‘An extremely beautiful EP, love the emotion, already looking forward to future releases’ – The Japanese Popstars
‘Underworld meets James Blake. Not a bad way to start.’ – Composure Records UK
‘Love Ryan’s vibe and atmosphere’ – Cloud Collective Records
11th May – Culture Glitch @ Love and Death Inc., Belfast
25th May – The Contenders @ Ulster Hall, Belfast
2nd June – Pigstock Festival @ Gem Saloon, Comber UK
Will take place @ IMRO Offices, Copyright House,
Pembroke Row, Lower Baggot Street, Dublin 2
From 11.30am to 5.00pm
Stuart Worthington is a professional industry consultant with over twenty years experience. He has acted as a small business adviser; consultant and training provider working both directly with private sector clients and via the whole range of public sector agencies in the UK since 1987. Since 1990 he has concentrated on delivering small business advice and learning programmes to the cultural and creative industries, specialising in services to the music industry.
Advises a broad range of clients in the corporate sector on commercial issues and has been involved in the negotiation and drafting of a wide range of commercial agreements, corporate restructuring and commercial transactions. She has also advised industry clients in contentious issues such as breach of contract, patent infringement, breach of copyright and passing off. Eileen also provides an eclectic mix of music and media clients with advice on recording, management and publishing agreements and generally in the area of copyright law and intellectual property rights.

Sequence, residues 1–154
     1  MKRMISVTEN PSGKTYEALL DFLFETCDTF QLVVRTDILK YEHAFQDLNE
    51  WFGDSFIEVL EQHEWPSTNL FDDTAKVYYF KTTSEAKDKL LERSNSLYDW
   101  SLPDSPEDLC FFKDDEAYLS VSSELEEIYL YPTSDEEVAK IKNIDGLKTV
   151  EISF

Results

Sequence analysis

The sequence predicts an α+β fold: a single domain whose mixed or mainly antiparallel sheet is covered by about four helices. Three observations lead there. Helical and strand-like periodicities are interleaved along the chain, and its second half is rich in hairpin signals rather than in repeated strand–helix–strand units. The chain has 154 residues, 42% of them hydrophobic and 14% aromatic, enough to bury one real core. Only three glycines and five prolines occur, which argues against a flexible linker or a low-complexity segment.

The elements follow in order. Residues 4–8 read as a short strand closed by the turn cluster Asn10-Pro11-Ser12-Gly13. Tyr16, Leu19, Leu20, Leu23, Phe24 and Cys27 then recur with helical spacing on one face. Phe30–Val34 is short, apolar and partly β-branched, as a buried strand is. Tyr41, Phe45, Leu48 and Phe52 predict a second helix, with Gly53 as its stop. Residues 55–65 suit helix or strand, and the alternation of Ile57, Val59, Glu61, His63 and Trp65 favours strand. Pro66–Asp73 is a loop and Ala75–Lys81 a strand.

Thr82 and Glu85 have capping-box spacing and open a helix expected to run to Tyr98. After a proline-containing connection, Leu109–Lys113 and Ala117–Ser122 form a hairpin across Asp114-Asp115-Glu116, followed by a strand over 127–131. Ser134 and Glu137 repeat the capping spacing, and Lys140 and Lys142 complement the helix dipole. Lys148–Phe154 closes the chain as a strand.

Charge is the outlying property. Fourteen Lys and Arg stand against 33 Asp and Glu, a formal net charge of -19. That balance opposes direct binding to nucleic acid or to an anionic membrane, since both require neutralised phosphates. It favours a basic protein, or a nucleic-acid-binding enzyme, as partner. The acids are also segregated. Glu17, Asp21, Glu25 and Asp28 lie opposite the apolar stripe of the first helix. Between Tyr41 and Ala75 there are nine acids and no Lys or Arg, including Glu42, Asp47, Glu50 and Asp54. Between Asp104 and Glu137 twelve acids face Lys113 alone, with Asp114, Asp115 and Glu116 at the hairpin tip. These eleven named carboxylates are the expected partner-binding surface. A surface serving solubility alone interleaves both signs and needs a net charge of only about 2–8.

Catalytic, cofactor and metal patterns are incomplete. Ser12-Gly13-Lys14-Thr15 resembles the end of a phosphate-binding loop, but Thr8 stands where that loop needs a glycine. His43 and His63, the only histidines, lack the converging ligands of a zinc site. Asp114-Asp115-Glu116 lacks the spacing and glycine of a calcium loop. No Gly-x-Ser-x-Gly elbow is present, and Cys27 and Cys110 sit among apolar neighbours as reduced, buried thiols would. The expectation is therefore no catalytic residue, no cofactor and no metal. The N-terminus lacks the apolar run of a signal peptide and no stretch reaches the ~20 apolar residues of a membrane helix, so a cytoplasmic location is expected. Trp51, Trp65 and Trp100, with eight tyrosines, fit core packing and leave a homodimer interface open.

Alan Murray is a tax specialist and a chartered certified account with over 15 years experience with a particular emphasis on clients involved in the entertainment sector. Alan is a senior member of the Mazars OJK Entertainment Division and his clients range from global international high profile entertainers to indigenous performers based primarily in the Irish market place. Alan has experience in advising on the tax issues of all elements of entertainment income streams for performing musicians including recording and publishing royalties and live performance income. He also has particular expertise in dealing with HMRC in terms of agreeing UK withholding tax for live performances in the UK. Through his work in this area Alan has developed leading entertainment contacts in both the UK and US and can offer a global service in this sector”.
Producer / Engineer / Songwriter / Keyboard Player
Ray has been in the music business for the last 20 years. Started by playing keyboards in a few Dublin based bands, and gigged Ireland & UK. From playing keys in bands and the introduction of sequencers and computers he progressed to programming for bands and artists and then to recording them. He set up a recording studio in Dublin in 2002 and worked with artists such as Aslan, Alabama 3, The script and many others. He then moved his studio back home and freelanced from there onwards using various studios and engineers to assist him in his work. Ray is currently working with some unsigned & signed artists with artists such as Aslan, The Script, The Coronas, The 4 of Us, Royseven, Boyzone and several others and this year will be co-writing and producing his own album.
Cost of training day is €20 for MMF members
Cost of training day is €32 for IMRO members
Cost of training day is €70 for non-members